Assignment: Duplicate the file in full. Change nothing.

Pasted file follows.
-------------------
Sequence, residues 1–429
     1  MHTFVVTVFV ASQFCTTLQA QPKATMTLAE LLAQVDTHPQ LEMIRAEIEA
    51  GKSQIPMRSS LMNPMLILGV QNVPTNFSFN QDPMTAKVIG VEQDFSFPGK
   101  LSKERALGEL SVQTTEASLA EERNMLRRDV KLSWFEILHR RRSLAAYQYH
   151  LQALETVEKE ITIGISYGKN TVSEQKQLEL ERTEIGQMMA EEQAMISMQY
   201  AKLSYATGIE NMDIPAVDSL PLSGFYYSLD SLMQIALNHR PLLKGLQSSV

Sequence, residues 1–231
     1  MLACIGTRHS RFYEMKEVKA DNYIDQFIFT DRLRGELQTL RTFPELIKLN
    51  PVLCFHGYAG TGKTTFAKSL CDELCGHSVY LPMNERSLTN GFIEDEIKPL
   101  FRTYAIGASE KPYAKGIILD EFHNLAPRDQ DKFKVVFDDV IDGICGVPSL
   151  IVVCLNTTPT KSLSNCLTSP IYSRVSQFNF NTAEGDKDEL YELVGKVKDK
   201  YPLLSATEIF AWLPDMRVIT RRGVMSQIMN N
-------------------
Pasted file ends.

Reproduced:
Sequence, residues 1–429
     1  MHTFVVTVFV ASQFCTTLQA QPKATMTLAE LLAQVDTHPQ LEMIRAEIEA
    51  GKSQIPMRSS LMNPMLILGV QNVPTNFSFN QDPMTAKVIG VEQDFSFPGK
   101  LSKERALGEL SVQTTEASLA EERNMLRRDV KLSWFEILHR RRSLAAYQYH
   151  LQALETVEKE ITIGISYGKN TVSEQKQLEL ERTEIGQMMA EEQAMISMQY
   201  AKLSYATGIE NMDIPAVDSL PLSGFYYSLD SLMQIALNHR PLLKGLQSSV

Sequence, residues 1–231
     1  MLACIGTRHS RFYEMKEVKA DNYIDQFIFT DRLRGELQTL RTFPELIKLN
    51  PVLCFHGYAG TGKTTFAKSL CDELCGHSVY LPMNERSLTN GFIEDEIKPL
   101  FRTYAIGASE KPYAKGIILD EFHNLAPRDQ DKFKVVFDDV IDGICGVPSL
   151  IVVCLNTTPT KSLSNCLTSP IYSRVSQFNF NTAEGDKDEL YELVGKVKDK
   201  YPLLSATEIF AWLPDMRVIT RRGVMSQIMN N